The Senate will debate the nomination of Alberto Gonzales to be attorney general later this week. It seems clear that the Democrats will use the occasion to try to hang Abu Graibh around the administration’s neck, just as the used the debate over Condoleezza Rice’s nomination to score political points relating to the alleged failure to find WMDs in Iraq.
This morning, Robert J. Delahunty and John C. Yoo, the authors of Justice Department memos concluding that the Geneva Convention does not apply to captured terrorists, addressed that issue in the Los Angeles Times. Their theme is that the Geneva Convention was designed for wars between nation states, and applies poorly to the current conflict, which mostly involves trans-national terrorist groups and what Delahunty and Yoo classify as “pseudo-states.” They do a pretty good job of making that basic point, but I don’t think they convey as clearly as they could how obviously correct it is that the Convention has no application to captured terrorists. As a legal matter, this conclusion is inarguable.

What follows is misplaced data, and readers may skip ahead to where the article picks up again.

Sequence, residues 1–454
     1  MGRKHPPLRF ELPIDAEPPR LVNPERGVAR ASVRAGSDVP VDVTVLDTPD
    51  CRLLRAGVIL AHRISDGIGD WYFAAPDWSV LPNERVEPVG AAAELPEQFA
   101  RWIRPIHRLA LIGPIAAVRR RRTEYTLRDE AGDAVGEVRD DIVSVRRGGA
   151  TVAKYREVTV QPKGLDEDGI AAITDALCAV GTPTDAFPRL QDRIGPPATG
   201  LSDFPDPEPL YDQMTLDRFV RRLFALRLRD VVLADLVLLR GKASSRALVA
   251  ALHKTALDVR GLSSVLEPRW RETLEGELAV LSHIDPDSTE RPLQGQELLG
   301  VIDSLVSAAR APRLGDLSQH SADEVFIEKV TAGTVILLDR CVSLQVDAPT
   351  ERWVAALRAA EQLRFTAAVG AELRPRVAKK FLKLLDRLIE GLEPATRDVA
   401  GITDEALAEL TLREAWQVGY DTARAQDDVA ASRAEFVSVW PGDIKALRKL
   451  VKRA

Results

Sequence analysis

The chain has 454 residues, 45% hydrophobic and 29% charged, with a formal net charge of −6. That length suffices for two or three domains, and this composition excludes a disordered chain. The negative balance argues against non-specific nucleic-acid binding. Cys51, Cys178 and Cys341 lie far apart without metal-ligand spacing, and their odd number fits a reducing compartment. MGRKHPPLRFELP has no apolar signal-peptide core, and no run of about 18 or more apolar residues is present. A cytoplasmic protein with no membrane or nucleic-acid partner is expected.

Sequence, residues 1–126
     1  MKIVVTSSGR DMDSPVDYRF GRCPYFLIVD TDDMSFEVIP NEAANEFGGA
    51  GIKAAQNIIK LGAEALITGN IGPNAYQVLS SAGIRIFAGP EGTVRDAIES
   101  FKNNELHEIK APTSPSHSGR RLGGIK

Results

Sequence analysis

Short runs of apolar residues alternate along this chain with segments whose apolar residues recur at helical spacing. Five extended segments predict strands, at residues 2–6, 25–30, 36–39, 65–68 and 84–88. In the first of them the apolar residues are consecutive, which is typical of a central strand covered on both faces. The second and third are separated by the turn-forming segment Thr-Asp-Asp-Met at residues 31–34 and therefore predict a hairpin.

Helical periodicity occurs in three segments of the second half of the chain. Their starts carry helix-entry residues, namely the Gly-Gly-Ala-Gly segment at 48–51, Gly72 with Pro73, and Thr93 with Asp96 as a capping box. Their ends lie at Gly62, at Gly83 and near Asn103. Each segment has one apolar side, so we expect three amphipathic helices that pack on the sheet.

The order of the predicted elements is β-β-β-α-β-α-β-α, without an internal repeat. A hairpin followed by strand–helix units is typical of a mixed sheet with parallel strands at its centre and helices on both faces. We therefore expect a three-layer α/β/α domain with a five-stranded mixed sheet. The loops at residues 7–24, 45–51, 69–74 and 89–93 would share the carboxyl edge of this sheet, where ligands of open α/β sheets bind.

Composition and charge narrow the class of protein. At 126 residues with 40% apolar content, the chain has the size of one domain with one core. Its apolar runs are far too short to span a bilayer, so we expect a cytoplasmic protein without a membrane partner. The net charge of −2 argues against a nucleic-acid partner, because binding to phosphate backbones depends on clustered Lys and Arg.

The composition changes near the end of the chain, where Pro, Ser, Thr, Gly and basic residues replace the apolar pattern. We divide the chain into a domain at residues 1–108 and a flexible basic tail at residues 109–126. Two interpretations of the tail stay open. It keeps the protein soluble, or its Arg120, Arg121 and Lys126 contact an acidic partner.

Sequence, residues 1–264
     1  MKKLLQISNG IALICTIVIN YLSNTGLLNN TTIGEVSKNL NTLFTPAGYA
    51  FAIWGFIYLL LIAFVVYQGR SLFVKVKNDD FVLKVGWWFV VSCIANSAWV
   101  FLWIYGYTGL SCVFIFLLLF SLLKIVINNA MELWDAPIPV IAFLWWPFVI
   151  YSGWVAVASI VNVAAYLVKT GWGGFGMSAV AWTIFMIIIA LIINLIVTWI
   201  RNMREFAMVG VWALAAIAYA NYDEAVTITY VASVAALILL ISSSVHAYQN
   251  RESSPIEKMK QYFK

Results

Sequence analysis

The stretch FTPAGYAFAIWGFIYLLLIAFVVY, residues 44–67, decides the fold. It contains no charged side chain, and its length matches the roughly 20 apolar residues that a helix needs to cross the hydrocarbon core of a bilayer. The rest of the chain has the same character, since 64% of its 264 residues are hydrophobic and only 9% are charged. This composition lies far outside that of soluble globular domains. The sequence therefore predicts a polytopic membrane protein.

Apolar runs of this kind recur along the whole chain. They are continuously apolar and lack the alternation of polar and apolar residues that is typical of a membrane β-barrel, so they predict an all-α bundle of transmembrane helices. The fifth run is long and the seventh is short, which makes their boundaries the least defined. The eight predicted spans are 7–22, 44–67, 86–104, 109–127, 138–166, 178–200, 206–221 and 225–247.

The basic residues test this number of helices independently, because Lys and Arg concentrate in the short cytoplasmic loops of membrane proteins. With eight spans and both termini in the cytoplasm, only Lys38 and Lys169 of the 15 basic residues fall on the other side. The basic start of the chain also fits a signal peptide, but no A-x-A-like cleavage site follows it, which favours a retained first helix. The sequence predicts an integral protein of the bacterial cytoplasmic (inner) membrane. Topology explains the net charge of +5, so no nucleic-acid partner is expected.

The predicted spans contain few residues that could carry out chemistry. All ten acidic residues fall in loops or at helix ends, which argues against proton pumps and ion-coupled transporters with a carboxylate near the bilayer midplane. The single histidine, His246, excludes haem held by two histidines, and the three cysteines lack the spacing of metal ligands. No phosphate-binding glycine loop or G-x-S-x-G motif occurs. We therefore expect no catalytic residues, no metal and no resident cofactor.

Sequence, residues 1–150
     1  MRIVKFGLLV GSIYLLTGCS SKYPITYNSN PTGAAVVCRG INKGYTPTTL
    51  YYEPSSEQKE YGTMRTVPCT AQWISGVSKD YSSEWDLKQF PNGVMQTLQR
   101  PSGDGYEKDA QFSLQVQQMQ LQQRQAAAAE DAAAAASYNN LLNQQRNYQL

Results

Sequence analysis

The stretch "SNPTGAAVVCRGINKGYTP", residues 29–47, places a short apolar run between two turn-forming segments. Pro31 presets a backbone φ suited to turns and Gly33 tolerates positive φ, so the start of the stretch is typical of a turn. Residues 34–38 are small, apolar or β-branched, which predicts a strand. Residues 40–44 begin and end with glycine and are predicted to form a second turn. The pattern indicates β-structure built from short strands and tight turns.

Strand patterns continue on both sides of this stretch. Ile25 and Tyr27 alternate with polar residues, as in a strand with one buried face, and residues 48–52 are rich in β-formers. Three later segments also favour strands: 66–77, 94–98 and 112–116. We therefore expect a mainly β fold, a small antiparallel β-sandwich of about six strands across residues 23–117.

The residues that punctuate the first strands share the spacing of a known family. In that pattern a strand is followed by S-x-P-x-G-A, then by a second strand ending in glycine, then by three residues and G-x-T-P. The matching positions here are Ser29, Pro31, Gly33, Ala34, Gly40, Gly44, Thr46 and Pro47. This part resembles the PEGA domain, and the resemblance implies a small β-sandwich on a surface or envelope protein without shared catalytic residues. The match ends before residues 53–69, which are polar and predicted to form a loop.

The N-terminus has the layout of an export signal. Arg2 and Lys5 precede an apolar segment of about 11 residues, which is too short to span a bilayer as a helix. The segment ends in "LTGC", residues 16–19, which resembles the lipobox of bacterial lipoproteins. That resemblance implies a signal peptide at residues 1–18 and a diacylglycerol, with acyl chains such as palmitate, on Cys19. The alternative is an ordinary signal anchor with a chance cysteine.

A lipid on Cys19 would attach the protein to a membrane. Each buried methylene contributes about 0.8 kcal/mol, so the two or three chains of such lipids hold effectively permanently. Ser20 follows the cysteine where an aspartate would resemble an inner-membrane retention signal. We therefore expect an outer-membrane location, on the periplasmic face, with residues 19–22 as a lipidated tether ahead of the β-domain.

To suggest that Gonzales is somehow unsuited to be Attorney General because he agreed with an unassailable legal position is a tough argument to make. But we have no doubt that the Democrats will try to make it.
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